be ignored. The two main reasons for this assertion are first, its heavy influence upon
China and Japan not only in its role of transmission but also in theoretical ideology,
second, the most characteristic feature of Mahaayaana Buddhism had been refined in the
form of syncretism.
1. Robert Evans Buswell, Buddhism in Korea, Encyclopedia of Religion,
Vol. 1, p. 421. (E.R.).
2. General Editor P. V. Bapat, "2500 Years of Buddhisrn"
(p. 61), Ministry of Information and Broadcasting, Government of India, 1986. (4th
reprint). See also "The Path of the Buddhism" edited by Kenneth W. Moragam, p.
234-236, chap. 5,
'Buddhism in China & Korea' written by Zenryu Tsukamoto, translated
by Leon Hurutz, Indian Print 1986, Motilal Banarsidass. In this monograph, the author
conveyes a distorted view of Korean Buddhism by exaggerating minor social aspect of Korean
Buddhism which existed only during the end of Yi dynasty that is around 1900. As a result,
Korean Buddhism had been portrayed in the manner similar to J. N. Takasaki's
3. Written by Ilyon, Translated by Ha-tae-hung, Grafton K. Mintz
"sangukyusa" (legends and history of the three kingdoms of Ancient Korea),
Yonsei University Press, 1972 (SGYS). See also translated by Peter H. Lee, Lives of
Eminent Korean Monks: "The Haedong Chon", Cambridge, Mass. 1969.
4. The traditional founding dates of three kingdoms are 57 B.C. for
Silla, 37 B.C. for Koguryo and 18 B.C. for Paekje. Koguryo was initially the largest and
the most powerful of the three. The tribes which originally composed it live along the
bank of the Yalu river, which forms the present north western boundary of Korea. When they
emerge upon the scene of history we find them ruling an area which extended from South of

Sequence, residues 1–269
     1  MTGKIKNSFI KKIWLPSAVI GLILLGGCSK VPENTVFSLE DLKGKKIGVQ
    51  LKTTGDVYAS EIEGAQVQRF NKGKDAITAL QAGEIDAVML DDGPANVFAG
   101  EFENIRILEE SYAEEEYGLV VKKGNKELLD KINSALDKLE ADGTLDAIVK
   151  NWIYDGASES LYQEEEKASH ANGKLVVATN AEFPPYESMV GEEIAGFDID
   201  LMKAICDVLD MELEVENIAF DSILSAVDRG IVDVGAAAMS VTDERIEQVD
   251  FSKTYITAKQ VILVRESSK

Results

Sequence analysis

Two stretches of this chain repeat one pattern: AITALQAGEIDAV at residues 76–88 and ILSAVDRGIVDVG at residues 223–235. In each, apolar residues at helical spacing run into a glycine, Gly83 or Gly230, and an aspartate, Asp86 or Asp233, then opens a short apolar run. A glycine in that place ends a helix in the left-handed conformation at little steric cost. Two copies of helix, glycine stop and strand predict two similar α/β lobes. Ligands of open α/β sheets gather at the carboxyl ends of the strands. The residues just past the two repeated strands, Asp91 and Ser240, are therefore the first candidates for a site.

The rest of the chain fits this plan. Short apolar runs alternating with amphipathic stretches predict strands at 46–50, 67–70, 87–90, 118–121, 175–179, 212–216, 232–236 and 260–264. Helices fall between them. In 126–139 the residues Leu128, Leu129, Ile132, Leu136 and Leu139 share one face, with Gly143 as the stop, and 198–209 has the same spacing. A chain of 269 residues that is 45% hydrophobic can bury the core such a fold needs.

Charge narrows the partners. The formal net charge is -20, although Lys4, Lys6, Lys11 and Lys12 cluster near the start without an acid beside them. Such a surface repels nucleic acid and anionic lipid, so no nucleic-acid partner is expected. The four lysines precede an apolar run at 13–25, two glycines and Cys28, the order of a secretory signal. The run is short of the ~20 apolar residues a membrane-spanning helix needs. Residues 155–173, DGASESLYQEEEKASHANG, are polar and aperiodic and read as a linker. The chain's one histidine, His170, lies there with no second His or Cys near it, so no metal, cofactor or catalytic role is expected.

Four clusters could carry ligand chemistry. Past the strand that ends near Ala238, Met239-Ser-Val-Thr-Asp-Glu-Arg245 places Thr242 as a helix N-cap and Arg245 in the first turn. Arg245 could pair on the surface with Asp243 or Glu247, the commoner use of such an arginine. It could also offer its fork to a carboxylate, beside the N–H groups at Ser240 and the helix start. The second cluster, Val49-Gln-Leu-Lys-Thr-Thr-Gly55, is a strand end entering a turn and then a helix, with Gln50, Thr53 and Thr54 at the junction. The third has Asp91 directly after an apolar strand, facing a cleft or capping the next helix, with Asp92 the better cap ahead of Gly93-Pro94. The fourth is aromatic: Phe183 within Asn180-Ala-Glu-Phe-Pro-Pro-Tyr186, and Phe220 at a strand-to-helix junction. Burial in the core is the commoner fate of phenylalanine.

the Han River (Middle of Peninsula) across the present Korean boundary and far north into
Manchuria and West to the Liaotung Peninsula.
The two kingdoms of the south are thought to have been founded by
migrants from the north, Paekje in the south-west is known to have been dominated by a
northern tribe called Puyo, which had come originally from Manchuria and had been
dominated for a time by Koguryo. Paekje played an important part in the transmission of
Chinese civilization to Japan. Silla in the south east was for a time relatively small
area, known as Kaya at Karak, which persisted as a kingdom until it was absorbed by Silla
in 562 A.D.
- 5. E. R. Vol. II, p. 422.
- 6. SGYS, p. 179.
- 7. E.R. Vol. II, p. 422
- 8. Yung- tae, Kim, "An Outline of History of Korean Buddhism", p. 58.
Kyungsowon 1986. (3rd enition) Seoul.
- 9. Ibid., pp. 53, 54, SGYS. p. 294-298.
- 10. SGYS., p.307
- 11. E.R. vol. 14, p.440.
- 12. Ibid. Vol. 15, p. 114.
- 13. Ibid.
- 14. Ibid. Vol. 15, p. 114 299.
- 15. Ibid. Vol. 2, p. 423.
- 16. Ibid.
- 17. Henrick H. Sorensen, "Korean Buddhism in the Far East", Korean
Culture, Vol. 8, No. 1, March 1987, p. 8.
- 18. Ibid.
- 19. Y. T. Kim. "An Outline of Korean Buddhism", p. 45-46.
- 20. Ibid , p. 161-162
- 21. E. R, Vol. 2, p. 423.
- 22. R. Joseph Edkins, "Chinese Buddhism-, Chap. VIII, pp. 175, 187,
Chaukhamba A mara Bharati Prakashan, Varanasi. 1975.
- 23. The following classification and explanation on it have been quoted exclusively, I.
J. Kho's "Wonhyo's Hua-yen Thought", Korean Journal, Vol. 23, Aug. 1983,
p. 32. (K.J.).
- 24. Ibid.
- 25. E.R. Vol.
- 26. K. J. Vol. 23, (1983). p. 32.